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How to Keep Eggnog the Holiday Treat from Becoming the Holiday Threat

How to Keep Eggnog the Holiday Treat from Becoming the Holiday Threat

How to Keep Eggnog the Holiday Treat from Becoming the Holiday Threat

It’s the holiday season and everyone is scrambling to make the perfect, traditional holiday feast.  Around this time of year one can be sure to come across a good number of food borne illnesses.  This is due to the delicate forms of food preparation people tend to take during this time of year.

A perfect example is eggnog.  Eggnog is one of those recipes that scream food borne illness if not done properly.  There are many components to keep an eye out for when making traditional eggnog at home.  One of the most dangerous ingredients that you can use in food preparation is raw eggs.  Remember the food borne illness known as salmonella can be transmitted through the use of raw eggs.

If you insist on making eggnog the traditional way make sure to take these steps to ensure that you and your families safety is in well hands.

Cooking the egg base:

The Food and Drug Administration advises consumers to start off their recipe with a cooked egg base for eggnog.  If you are making eggnog for people that are susceptible to food borne illnesses such as people who have low immune systems, elderly people or children this step is especially important.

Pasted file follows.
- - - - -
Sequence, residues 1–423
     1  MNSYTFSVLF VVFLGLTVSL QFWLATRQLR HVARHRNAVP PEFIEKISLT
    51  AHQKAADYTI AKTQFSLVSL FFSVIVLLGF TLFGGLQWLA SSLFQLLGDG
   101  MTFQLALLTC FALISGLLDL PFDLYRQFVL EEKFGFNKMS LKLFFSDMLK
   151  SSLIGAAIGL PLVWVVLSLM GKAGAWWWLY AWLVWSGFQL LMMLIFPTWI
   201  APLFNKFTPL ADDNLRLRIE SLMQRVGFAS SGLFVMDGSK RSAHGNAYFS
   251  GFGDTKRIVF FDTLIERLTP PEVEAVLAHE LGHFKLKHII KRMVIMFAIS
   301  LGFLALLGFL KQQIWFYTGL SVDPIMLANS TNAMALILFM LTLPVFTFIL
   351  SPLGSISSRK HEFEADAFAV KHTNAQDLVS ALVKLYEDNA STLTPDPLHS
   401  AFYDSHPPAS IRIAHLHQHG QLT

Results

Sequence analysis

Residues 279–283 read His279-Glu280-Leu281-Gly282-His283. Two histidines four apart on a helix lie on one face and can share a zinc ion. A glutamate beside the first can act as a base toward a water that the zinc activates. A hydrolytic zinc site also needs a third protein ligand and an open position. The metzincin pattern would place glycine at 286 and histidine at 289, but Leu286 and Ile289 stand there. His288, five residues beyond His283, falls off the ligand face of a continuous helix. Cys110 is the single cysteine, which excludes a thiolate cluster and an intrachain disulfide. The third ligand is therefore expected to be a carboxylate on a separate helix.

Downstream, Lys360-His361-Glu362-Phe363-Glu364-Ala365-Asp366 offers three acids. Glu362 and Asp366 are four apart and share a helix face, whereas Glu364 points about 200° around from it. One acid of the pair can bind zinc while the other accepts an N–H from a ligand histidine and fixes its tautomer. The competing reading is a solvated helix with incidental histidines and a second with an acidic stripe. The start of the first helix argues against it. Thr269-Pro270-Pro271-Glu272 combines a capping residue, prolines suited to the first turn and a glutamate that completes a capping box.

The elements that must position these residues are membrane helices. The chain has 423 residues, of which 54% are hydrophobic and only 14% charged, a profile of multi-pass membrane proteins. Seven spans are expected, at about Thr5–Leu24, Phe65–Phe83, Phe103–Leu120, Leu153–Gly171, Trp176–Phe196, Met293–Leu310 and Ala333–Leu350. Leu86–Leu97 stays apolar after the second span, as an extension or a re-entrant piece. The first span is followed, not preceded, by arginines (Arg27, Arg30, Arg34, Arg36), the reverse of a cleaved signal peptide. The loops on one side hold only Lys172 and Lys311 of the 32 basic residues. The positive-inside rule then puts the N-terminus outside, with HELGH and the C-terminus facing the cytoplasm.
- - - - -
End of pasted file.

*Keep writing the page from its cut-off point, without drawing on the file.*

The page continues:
To start with a cooked egg base, cook the mixture gently to an internal temperature of 160 degrees Fahrenheit making sure not to curdle the eggs.  By reaching this internal temperature you will be able to destroy any present salmonella.  After reaching the proper temperature let the mixture cool before adding the other ingredients.

Alcohol will not destroy bad micro organisms:

For some reason people tend to think that adding brandy or rum to your eggnog will miraculously make it safe.  Not the case.  Although drinking alcohol do obtain some properties that help ward off infectious food borne illnesses it cannot combat against all of them.

Use different options:

Your best bet is to use an egg substitute product or pasteurized eggs in your eggnog.  There are also many recipes available that exclude the use of eggs all together in your eggnog.  If you’d like to try out other variety of eggnogs you can go the Puerto Rican version which goes by the name of coquito.  This version is mostly coconut milk and does not contain any eggs whatsoever.

For more tips on food safety practices and for the following services, contact Ken Kuscher today:

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